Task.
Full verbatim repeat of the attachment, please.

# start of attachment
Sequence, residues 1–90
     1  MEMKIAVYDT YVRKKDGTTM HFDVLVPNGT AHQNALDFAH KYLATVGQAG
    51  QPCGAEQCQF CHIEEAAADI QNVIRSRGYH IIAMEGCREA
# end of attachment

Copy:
Sequence, residues 1–90
     1  MEMKIAVYDT YVRKKDGTTM HFDVLVPNGT AHQNALDFAH KYLATVGQAG
    51  QPCGAEQCQF CHIEEAAADI QNVIRSRGYH IIAMEGCREA